Graduate starts nursing career by working as an LNA
Winnacunnet’s graduating class of 2022 are not all going to college right after high school; Senior Sage Marquis is taking a different path. She said she has decided to take a gap year and work as a Licensed Nursing Assistant while also saving money to go back to school.
Marquis said she started her journey by taking the Health Science and Technologies program through the Seacoast School of Technology (SST), which has many different programs offered to students through the school.
“I highly recommend taking this course if you have any interest in the healthcare field,” Marquis said.
Sage Marquis- Courtesy Photo/Yearbook
“Learning how to take care of people and applying the skills to real residents has had a huge impact. There are some things that we are told as students that really open your eyes.”
She said she worked with Bernadine Perrotta, the Health Science and Technologies adviser at SST, and senior Mykenzie O’brien.
Perrotta said the goal of the program is to educate more people about all the careers they may choose in a healthcare background. She said that in the second semester, students choose either an LNA track or an allied health track.
“This program is for any student who enjoys the science aspect of anatomy and physiology as well as wanting to explore and expand their knowledge in the health sciences field,” Perrotta said. “My advice would be to be prepared to learn a lot of information and have fun doing it.”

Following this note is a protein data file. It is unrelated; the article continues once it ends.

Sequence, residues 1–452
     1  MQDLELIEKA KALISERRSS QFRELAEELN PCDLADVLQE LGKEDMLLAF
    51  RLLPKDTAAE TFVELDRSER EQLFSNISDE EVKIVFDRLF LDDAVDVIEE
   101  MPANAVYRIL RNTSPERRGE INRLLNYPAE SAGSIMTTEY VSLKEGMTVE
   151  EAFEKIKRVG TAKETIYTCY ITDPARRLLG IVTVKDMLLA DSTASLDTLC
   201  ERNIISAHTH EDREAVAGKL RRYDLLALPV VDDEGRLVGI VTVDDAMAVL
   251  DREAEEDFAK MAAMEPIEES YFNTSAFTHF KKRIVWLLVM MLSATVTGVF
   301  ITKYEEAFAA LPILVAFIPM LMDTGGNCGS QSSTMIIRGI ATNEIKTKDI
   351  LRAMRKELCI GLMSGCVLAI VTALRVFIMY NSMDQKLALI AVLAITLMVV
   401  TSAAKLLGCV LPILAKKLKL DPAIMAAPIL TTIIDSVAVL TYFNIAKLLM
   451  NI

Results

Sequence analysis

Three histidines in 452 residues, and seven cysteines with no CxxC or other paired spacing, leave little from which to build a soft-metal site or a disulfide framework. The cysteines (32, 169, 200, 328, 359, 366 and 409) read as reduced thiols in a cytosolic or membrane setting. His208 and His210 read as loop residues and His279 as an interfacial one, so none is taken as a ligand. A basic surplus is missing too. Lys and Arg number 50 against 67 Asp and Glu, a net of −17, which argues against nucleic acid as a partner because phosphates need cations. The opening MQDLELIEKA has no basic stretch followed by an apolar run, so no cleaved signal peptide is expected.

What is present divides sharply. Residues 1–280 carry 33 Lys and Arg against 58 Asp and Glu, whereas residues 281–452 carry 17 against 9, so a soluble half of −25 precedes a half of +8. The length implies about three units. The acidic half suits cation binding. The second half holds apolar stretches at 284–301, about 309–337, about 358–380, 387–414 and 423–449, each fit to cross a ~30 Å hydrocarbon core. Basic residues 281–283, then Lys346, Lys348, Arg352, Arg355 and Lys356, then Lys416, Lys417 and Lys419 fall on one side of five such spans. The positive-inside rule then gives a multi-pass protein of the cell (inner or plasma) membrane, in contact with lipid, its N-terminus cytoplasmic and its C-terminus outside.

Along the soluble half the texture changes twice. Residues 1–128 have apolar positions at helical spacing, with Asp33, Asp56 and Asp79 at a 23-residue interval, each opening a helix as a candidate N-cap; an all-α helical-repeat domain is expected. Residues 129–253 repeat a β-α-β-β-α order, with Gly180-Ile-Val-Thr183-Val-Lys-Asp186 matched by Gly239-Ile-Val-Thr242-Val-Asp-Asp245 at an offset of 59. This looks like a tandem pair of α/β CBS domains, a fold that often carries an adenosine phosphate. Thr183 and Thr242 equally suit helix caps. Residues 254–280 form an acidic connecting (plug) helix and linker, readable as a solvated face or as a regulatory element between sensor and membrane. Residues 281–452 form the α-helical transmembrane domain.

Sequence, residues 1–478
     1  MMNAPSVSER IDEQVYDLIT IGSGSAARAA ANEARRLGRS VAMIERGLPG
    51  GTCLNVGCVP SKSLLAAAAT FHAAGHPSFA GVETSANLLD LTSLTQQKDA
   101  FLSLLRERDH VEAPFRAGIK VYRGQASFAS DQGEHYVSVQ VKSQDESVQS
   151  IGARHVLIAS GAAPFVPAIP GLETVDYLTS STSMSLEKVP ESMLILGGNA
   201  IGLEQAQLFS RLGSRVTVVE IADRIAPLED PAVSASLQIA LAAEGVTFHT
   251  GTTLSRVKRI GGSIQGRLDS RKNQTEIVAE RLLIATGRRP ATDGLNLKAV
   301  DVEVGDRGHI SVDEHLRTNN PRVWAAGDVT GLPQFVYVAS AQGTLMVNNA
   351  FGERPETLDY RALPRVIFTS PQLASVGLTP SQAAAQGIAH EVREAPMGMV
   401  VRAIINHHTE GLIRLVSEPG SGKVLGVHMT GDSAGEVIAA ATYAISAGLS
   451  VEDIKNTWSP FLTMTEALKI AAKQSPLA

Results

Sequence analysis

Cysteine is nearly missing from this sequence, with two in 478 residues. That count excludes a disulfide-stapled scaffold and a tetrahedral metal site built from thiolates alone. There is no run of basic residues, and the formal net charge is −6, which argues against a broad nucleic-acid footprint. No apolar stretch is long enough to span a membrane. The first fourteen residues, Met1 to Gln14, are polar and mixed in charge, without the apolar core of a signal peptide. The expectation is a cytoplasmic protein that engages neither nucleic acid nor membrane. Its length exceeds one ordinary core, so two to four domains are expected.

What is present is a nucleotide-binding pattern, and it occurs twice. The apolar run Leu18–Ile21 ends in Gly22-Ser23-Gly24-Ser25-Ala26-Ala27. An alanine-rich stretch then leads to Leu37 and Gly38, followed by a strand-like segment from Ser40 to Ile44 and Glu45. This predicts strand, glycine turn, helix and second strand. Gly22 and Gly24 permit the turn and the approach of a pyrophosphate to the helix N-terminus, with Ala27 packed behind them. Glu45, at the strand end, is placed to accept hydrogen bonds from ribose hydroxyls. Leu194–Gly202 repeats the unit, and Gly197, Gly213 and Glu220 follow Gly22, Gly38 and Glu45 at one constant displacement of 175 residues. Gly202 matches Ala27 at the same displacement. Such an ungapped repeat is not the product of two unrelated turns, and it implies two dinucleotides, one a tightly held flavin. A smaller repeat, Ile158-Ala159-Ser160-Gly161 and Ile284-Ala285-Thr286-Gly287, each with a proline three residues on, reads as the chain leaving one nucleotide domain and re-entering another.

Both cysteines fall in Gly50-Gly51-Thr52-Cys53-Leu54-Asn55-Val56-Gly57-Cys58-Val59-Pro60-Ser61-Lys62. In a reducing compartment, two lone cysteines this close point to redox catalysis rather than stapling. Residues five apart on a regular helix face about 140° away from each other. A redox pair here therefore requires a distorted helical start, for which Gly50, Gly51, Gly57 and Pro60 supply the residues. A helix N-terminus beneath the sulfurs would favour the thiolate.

Perrotta said that Marquis volunteered her first year to be a patient for the second year students. She said Marquis was very willing to help others with techniques that she had already mastered.
“Sage is a very gifted student who caught on quickly and had great points to add,” Perrotta said. “She was cheerful, respectful and kind, and willing to help whenever the need arose.”
O’brien said Marquis is a good student, and that she loved working with her. “I found we had a lot of fun being partners and trying to help each other with skills,” O’brien said.”
O’brien said that Marquis has improved a lot in the past two years. “She has been able to advocate for herself better,” O’brien said “She has learned time management and been able to procrastinate less.”
Marquis said she also took part in an ELO where students can talk to real doctors and ask questions about their desired fields of interest. She said the idea of helping people and the healthcare industry fascinated her, and it wasn’t until two years ago that she considered a career in healthcare.
“Career choice was always a hard topic to talk about because I really didn’t have a clue what I wanted to do,” Marquis said. “Now that I have the experience I am able to talk more passionately about my future.”
Marquis said that being an LNA takes a lot of hard work, dedication and responsibility.
“In order to become certified, I had to watch videos, fill out textbooks and apply the skills on mannequins in front of my instructor,” Marquis said. “After a few long weeks, we were given the opportunity to work in a real nursing home.”
There, Marquis said she helped residents perform Activities of Daily Living, like assistance to the bathroom, walking, eating, and offering the residents companionship.
“The journey was long but very worth it,” Marquis said. “I grew to really care for my residents and they will be a part of me for the rest of my life.”
Marquis said that after her gap year, she will most likely go back to school and pursue a career as a labor and delivery nurse.